I still have complaints; there are no jobs, but we have come a long way. The fact that I can walk in the streets freely is enough for me. Freedom Day is very important – it was the first time, for me, as a black person in South Africa to go and put my X on a paper and vote, so I will not forget that day.

Kopano Monene, 24, car guard, Johannesburg
[Aaisha Dadi Patel/Al Jazeera]

Spiritually, I’m free as long as I’m being me and I have freedom for me, then this is what matters. I was born in 1990 so I can’t say much about apartheid because I wasn’t there, but now since we got freedom in 1994, I think maybe there’s some hope. Maybe it will have to be 30 years [after 1994] before we are truly free in every way, but at least now I can do my own thing no one can tell me anything. 

Emily Dahle, 23, Lutheran Church volunteer, Soweto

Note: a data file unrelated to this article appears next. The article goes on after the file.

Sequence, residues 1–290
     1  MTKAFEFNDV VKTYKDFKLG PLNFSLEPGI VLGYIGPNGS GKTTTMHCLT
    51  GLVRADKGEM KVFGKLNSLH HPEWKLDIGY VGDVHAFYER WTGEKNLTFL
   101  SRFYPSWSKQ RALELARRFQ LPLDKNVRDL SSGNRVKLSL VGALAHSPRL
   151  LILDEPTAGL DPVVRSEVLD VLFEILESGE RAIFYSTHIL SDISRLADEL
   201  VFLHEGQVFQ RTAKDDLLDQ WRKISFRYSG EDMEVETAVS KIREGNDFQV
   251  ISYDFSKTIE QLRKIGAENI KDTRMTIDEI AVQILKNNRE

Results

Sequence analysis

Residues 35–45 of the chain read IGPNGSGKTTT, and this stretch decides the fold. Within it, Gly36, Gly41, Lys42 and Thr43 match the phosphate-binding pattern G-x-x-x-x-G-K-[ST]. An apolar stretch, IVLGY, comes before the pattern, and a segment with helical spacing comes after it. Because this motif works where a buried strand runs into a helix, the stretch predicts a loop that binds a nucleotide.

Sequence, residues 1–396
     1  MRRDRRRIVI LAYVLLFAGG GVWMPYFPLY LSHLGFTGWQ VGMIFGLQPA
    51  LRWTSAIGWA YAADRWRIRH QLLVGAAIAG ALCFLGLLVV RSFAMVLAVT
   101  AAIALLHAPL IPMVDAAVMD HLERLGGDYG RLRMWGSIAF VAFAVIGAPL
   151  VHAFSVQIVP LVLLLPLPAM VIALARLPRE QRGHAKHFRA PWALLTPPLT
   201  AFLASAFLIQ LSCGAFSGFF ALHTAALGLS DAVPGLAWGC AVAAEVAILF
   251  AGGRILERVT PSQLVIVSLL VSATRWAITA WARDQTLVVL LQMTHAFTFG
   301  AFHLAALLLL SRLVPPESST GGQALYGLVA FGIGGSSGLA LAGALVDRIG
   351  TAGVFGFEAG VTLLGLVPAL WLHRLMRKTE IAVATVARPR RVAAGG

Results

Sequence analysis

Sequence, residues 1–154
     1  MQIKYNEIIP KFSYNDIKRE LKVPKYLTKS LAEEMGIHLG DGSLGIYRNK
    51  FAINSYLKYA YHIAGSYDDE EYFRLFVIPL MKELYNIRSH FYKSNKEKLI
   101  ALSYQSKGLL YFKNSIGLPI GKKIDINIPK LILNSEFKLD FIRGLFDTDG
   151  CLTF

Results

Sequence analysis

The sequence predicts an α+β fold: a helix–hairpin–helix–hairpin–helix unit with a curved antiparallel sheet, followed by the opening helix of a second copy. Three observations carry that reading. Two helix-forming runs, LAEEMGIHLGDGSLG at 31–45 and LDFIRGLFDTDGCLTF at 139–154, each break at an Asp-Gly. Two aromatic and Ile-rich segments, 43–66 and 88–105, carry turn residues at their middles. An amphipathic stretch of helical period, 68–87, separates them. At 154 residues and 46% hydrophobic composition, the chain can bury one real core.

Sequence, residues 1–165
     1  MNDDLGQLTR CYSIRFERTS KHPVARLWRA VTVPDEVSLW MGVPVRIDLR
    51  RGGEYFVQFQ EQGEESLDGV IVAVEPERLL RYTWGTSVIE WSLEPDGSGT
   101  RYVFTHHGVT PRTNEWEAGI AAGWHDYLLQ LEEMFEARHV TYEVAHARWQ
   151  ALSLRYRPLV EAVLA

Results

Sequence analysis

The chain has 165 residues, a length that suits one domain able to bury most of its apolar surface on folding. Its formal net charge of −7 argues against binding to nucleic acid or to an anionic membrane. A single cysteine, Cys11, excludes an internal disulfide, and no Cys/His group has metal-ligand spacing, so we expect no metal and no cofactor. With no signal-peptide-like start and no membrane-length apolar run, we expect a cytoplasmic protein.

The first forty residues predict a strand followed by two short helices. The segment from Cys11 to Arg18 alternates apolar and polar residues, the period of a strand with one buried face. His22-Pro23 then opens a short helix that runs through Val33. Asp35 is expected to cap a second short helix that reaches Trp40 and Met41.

[Uyanda Siyotula/Al Jazeera]

I think to be free means you are able to do what you want, think what you want, speak your mind and not worry about what other people think about you. I think there are two ways of freedom. There’s a concrete way to be free, like the government, your rights and your ability to vote. And then there is a personal freedom, like being free, confident and being able to be who you are.

I would say we have come a long way but there is a long way to go. The experiences I have, especially being a white person who lives in Soweto volunteering at the church, I get questions like why are you here, this is not where white people live. So in that way I would not say its complete freedom because we still have a mentality of thinking in a certain way about particular races. 

Yusuf Isaacs, 54, health industry worker, Cape Town
[Raeesa Pather/Al Jazeera]